Dianne Feinstein, previously the U.S.’s oldest sitting senator, died at 90 on September 29, 2023. The California Democrat was mourned across the aisle.
In the Senate
Senate Minority Leader Mitch McConnell (R-KY) said he and his wife were “actual friends” with Feinstein, who had gifted him “a small depiction of the Capitol” as a wedding gift that still hangs on his wall. “Dianne was a trailblazer, and her beloved home state of California and our entire nation are better for her dogged advocacy and diligent service,” the Republican leader added.
Senate Majority Leader Chuck Schumer (D-NY) called Feinstein “a giant” and “one of the most amazing people who ever graced the Senate.” Schumer praised her “relentless integrity,” calling her a “hero” and a “leader” who studied issues before taking a position on them.
Sen. Ted Cruz (R-TX) said, “I had the privilege of serving with Dianne Feinstein for eleven years on the Senate Judiciary Committee and I was always grateful for her commitment to the Committee and to the Senate. She was a trailblazer for women, and our institution is the lesser for losing her. We disagreed on many things, but that never stopped her from being collegial and courteous. Dianne was an old-school statesman, who embodied class and who fought to solve real problems for California. She will be missed. Heidi and I are praying for her daughter Katherine and her entire family.”
Sen. Suzanne Collins (R-ME) showed the chamber a watercolor painting of a vase of flowers that Feinstein had painted for her.
Sen. Chuck Grassley (R-IA) said that he had “a wonderful working relationship” with Feinstein, adding that she was “a true public servant” who “did an outstanding job in the U.S. Senate representing the people of California.”
In the House
House Speaker Kevin McCarthy (R-CA) said he and Feinstein worked together on many different bills, including “the most significant California water bill in 25 years.” “We come from different parties, we have different philosophies, but we put our state first…at the end of the day, the trailblazing of the first woman elected mayor, even coming from a different party, inspired women from both sides of the aisle to seek elected office, to have their voices heard,” he said.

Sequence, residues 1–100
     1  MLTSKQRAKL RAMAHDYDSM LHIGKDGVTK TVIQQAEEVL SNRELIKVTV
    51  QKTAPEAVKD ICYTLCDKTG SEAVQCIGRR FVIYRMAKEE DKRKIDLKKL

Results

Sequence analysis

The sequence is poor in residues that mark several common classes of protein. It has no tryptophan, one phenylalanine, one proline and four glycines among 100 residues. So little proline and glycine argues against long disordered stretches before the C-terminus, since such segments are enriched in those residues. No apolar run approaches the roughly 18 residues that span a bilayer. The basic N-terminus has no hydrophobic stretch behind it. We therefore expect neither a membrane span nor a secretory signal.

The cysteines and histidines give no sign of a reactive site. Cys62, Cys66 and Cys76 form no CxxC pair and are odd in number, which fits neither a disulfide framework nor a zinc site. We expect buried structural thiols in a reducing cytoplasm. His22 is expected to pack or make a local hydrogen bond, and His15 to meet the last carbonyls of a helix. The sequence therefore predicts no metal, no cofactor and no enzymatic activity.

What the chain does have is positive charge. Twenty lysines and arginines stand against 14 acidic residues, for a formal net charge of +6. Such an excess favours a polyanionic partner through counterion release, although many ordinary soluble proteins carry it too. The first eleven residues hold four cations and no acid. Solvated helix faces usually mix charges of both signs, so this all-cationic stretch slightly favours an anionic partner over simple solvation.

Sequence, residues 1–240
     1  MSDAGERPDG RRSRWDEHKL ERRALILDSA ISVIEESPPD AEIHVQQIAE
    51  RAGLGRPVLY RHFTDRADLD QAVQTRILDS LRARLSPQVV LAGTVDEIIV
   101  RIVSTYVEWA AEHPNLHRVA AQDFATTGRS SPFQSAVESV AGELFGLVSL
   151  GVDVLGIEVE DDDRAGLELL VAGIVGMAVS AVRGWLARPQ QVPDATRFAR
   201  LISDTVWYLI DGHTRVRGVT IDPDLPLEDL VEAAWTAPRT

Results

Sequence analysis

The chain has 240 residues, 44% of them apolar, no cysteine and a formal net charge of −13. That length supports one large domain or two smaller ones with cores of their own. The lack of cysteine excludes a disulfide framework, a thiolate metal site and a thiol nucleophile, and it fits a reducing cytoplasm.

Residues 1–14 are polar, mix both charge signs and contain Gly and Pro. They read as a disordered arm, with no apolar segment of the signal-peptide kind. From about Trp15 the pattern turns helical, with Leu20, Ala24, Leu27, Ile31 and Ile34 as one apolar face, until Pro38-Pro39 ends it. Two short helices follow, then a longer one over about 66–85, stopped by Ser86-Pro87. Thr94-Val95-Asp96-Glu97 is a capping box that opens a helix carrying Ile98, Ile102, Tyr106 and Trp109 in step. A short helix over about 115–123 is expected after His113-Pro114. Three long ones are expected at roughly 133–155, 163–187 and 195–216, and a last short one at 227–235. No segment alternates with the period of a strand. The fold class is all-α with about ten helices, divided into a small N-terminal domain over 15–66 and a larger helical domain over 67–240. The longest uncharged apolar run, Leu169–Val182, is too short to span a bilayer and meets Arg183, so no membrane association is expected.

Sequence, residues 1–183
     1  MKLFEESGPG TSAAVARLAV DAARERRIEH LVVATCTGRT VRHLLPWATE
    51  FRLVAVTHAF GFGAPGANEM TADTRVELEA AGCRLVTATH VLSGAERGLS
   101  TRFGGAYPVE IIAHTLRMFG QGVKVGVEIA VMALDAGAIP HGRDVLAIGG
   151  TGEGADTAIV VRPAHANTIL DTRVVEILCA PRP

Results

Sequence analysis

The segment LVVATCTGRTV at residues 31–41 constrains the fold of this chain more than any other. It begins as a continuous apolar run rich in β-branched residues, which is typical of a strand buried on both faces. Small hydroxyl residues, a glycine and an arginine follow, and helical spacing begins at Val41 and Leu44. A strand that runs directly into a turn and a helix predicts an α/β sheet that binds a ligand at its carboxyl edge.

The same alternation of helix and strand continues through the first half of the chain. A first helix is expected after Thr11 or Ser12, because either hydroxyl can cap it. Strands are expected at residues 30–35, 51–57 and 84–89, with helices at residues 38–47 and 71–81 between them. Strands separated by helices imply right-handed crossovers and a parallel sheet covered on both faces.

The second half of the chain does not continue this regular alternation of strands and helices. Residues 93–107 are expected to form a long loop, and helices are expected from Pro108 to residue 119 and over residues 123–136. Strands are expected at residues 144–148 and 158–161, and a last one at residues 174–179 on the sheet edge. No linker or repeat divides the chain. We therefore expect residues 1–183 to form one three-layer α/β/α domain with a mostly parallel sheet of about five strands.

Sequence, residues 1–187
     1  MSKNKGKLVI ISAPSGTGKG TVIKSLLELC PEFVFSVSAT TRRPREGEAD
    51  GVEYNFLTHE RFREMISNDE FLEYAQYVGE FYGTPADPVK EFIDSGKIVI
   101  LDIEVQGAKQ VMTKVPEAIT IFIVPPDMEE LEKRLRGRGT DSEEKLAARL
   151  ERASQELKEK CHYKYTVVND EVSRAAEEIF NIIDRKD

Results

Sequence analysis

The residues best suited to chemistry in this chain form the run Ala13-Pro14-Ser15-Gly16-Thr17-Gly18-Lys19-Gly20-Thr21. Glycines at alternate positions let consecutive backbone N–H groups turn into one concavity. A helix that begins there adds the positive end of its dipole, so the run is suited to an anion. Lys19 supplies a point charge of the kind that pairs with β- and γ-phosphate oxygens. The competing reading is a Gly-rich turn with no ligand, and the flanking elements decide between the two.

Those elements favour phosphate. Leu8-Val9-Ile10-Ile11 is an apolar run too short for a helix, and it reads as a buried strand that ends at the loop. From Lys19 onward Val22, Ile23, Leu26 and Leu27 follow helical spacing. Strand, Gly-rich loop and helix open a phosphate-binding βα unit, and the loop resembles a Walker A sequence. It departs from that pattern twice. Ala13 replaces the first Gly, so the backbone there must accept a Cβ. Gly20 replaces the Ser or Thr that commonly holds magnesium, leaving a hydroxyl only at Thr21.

Rep. Nancy Pelosi (D-CA), the former House speaker, called Feinstein “a pillar of public service in California” and “a pioneering woman leader” whose “indomitable, indefatigable leadership made a magnificent difference for our national security and personal safety, the health of our people and our planet, and the strength of our Democracy.” Pelosi added, “We were not only colleagues, but neighbors and friends.”
Former Regan Secretary of State Condoleezza Rice also paid tribute to Feinstein.
Dianne Feinstein will always be remembered as an extraordinary and influential figure in American political history. She was principled and dedicated.— Condoleezza Rice (@CondoleezzaRice) September 29, 2023
I was grateful to her for stepping across the aisle and introducing me to the Senate in my confirmation process. Rest in Peace. pic.twitter.com/NCVjiZNTI2
Feinstein introduced Rice at her 2005 confirmation hearing, saying, “It gives me great pleasure to introduce a friend and fellow Californian, Dr. Condoleezza Rice, as the president's nominee to be the next secretary of state…I would submit that Dr. Rice has the skill, the judgment and the poise and the leadership to lead in these difficult times. If confirmed, she will have the deep personal trust and confidence of the president; a real asset…indeed, this is a remarkable woman that I introduce to you today, and it is with great pride that I do so.”
Sen. Feinstein’s death may have sparked bipartisan conversations about age limits and term limits in congress, but her life and legacy will be remembered for trailblazing a path for women in politics and cultivating friendships across the aisle.
Clare Ashcraft (Center bias) is the Bridging and Bias Specialist at AllSides.